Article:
How to Avoid ICO Scams - Coindoo

How to Avoid ICO Scams

Editorial Team Avatar
May 12, 2018
4 min reading time

If you’re new to the crypto universe, then you might not know what Initial Coin Offerings, or ICOs for short, are all about.

ICOs have become the bloodline for most start-up blockchain-based services, allowing them to secure the necessary initial capital in a very ingenious manner. With the help of ICOs, entrepreneurs to developers can allow the public to invest in their projects in a very hands-on manner.

The basic concept of ICOs is simple: they are used to offer potential investors units of the new cryptocurrency or crypto-tokens in exchange for already-established cryptocurrencies such as Bitcoin, Ethereum, Litecoin, etc. The acquired funds can and should be then used to fuel the future development of the new cryptocurrency.

Since ICOs are non or barely regulated, it’s not difficult to imagine that they’re inherently vulnerable to fraud. That is why, below, we have compiled a list with all the necessary steps and precautions you should take before taking part in any ICO.

Trust your instincts

The first and most valuable advice to follow when it comes to steering clear of ICO scams is to always trust your instincts and use your common sense. If something seems too good to be true, then it’s probably a scam. Take your time, do your homework, ask questions; a lot of questions. And then, ask some more questions, until you are sure that you have all the necessary information.

Right off the bat, you should also know that no legitimate company or third-party will require money from you in order to take part in an ICO. Finally, when and if in doubt, don’t hesitate to reach out to the community. A post with the ICO you’re currently interested in on any of the major channels or forums (Quora, for example) will make a big difference. The more opinions you receive, the better your decisions will be.

Unconvincing whitepaper and underdeveloped website

This leads to our next point. You should definitely avoid ICO projects with weak websites or white papers. Legitimate startups will always explain why someone should invest in the project and will also make efforts to display the potential value and some noteworthy future plans.

Be on the lookout for fake information or overly-bold statements. Bottom line, if the white paper of the website itself is unconvincing, then it’s best to stay away.

Anonymous developers

This is another major red flag. Is the team made up of respected members of the crypto sphere or are the developers anonymous or otherwise-unknown? Make sure you do some digging regarding the team’s or developer’s activity or history in the crypto community on Reddit and other crypto websites.

Keep in mind that most legitimate ICOs will always offer a relatively-accessible channel for communication between you, the potential investor, and a team member. Most times, ICO projects have dedicated Slack or Telegram channels for the public.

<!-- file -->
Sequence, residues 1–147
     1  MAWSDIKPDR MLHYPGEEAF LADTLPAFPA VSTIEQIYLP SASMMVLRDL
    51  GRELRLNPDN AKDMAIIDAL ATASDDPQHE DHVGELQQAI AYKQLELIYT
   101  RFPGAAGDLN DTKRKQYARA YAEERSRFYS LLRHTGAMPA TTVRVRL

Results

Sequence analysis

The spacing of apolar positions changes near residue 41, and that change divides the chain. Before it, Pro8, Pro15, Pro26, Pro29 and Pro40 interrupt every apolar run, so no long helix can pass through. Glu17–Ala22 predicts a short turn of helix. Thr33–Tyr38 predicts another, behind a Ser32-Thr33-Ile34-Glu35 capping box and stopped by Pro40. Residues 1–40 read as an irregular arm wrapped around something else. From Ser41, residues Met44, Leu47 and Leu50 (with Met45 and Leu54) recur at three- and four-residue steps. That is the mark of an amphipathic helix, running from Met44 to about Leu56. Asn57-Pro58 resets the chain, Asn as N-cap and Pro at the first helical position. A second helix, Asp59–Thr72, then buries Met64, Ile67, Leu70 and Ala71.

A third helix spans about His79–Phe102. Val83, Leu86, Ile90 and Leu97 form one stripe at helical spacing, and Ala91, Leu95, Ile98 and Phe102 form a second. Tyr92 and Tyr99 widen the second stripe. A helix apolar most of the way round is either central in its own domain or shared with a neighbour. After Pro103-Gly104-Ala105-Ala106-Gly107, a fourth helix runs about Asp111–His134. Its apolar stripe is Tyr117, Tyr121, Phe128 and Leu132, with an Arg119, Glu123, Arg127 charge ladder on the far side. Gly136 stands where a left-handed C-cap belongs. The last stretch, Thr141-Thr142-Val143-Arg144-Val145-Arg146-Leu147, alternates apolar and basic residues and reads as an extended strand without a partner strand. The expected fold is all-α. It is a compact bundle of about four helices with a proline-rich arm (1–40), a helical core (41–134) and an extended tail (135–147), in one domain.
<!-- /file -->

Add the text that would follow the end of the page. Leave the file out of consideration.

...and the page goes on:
Overly-optimistic or vague roadmap

As mentioned above, it’s very important for any legitimate ICO’s success to convince their potential investors about the project’s true potential. This is yet another important issue in your quest of avoiding falling prey to ICO scams. Be on the lookout for an unrealistic development schedule.

Empty or non-existent code repository

Even if the website is pristine, even if the project announcements and the whitepaper seem legit, if there’s no code repository, then there’s no project to begin with, hence, you can spend your money and your time elsewhere.

Shady tokens with unclear use and in great numbers

A portion of the developed tokens should be made available in order to reward early investors before the project’s official public release. Be that as it may, if the total number or the percentage of supplied tokens seems exceedingly high, you should consider this another major red flag. Be especially wary of tokens that do not offer any real innovations or improvements upon any of the currently-known crypto technologies.


This might be the hardest one to spot so far. There have been multiple past examples in which new fraudulent ICOs have copied the content from other ICOs in its entirety, including logos and pictures. Once again, diligence, focused research, and the community at large can all help you in this regard.

We hope that this general guideline on how to avoid ICO scams will help you in your future endeavors as an investor.

* The information in this article and the links provided are for general information purposes only and should not constitute any financial or investment advice. We advise you to do your own research or consult a professional before making financial decisions. Please acknowledge that we are not responsible for any loss caused by any information present on this website.
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